Since many runners do not start because of the ongoing coronavirus pandemic, many athletes have faced various challenges, such as: B. the back mile and the ascent of Mount Everest at home to fill your time. The fastest known times occur almost every day on the trails.
One of the most popular records this summer was the world record for running a mile while dribbling a basketball. On September 4, Whittni Orton, a fifth-year senior who works on Brigham Young University’s women’s cross-country team, broke the existing women’s record – the third time that record was broken in 2020.
The idea to pursue the record came from BYU head coach Diljeet Taylor. When she saw that the basketball mile record had been broken in July at 5:08:57 a.m. by the Foot Locker Nationals champion Sydney Masciarelli, she knew she had two athletes with basketball backgrounds ̵
“[Coach Taylor] just sent it to us after it happened and said, ‘Should we?’ “Said Orton. “We did a workout or two to see how it felt. After that, we decided to just give it a try and have fun with it. ”
Orton and Camp Bennett, who have teamed up over the years, only trained minimally for the record attempt – a couple of dribbling speed workouts and a couple of dribbles during training. Although experienced ball handlers, the extra speed created an unexpected challenge.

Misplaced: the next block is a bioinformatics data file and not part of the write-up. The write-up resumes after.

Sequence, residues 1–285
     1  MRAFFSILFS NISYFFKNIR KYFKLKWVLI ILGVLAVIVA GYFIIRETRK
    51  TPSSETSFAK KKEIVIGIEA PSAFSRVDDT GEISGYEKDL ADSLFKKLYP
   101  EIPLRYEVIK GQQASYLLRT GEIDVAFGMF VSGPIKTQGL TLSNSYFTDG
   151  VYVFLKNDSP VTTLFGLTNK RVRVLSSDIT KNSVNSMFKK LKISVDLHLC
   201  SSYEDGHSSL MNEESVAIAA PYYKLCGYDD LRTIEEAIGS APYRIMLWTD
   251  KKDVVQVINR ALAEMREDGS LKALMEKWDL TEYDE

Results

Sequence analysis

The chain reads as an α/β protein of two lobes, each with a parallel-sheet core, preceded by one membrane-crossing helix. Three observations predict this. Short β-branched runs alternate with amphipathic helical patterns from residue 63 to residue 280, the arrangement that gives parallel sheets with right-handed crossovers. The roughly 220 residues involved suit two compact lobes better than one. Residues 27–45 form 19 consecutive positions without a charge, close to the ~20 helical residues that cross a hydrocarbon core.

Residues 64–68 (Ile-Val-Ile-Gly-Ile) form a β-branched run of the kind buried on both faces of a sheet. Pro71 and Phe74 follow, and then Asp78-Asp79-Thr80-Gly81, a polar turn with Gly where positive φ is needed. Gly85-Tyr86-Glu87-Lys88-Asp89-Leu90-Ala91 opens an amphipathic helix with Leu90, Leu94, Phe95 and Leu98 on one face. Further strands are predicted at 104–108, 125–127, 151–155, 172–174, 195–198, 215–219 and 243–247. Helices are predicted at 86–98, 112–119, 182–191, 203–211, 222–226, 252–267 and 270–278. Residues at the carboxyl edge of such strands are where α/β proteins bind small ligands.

“At first I thought, ‘Oh yeah, I sure could do that,” said Orton. “After I practiced it was so different from what I thought. In basketball, you’re in a defensive position and stance. You want to run right now be in good shape. Combining the two was more difficult than I thought. ”
On September 4th, Orton and Camp Bennett stood for the record attempt– –their first race since March when the NCAA indoor season was canceled. While the rest of the women’s team watched from afar, they started with NBA official basketballs in hand and the Like Mike Version of “We’re Playing Basketball” from the speakers.
You can see the whole race below.
Both The athletes stayed together for the first two laps, running for about 71 seconds each. Around the 800 meter mark, Orton dropped out of the second half of the race and focused on not mishandling or kicking the ball. Orton set a new world record of 4: 58.56, beating the previous mark by 10 seconds.
“It was fun with the whole team coming out and cheering on masks,” said Orton. “We wanted the men’s basketball team to come, but they couldn’t because of COVID. Honestly, it was just fun to be back out there and feeling nervous about a race again, but I think after that I would like those sports separately. ”
The rest of the BYU team’s fall season is in the air with the pandemic. The team plans time trials and other events to prepare for uncertain winter and spring seasons.
This content is created and maintained by a third party and is imported onto this page so that users can provide their email addresses. You may find more information on this and similar content at piano.io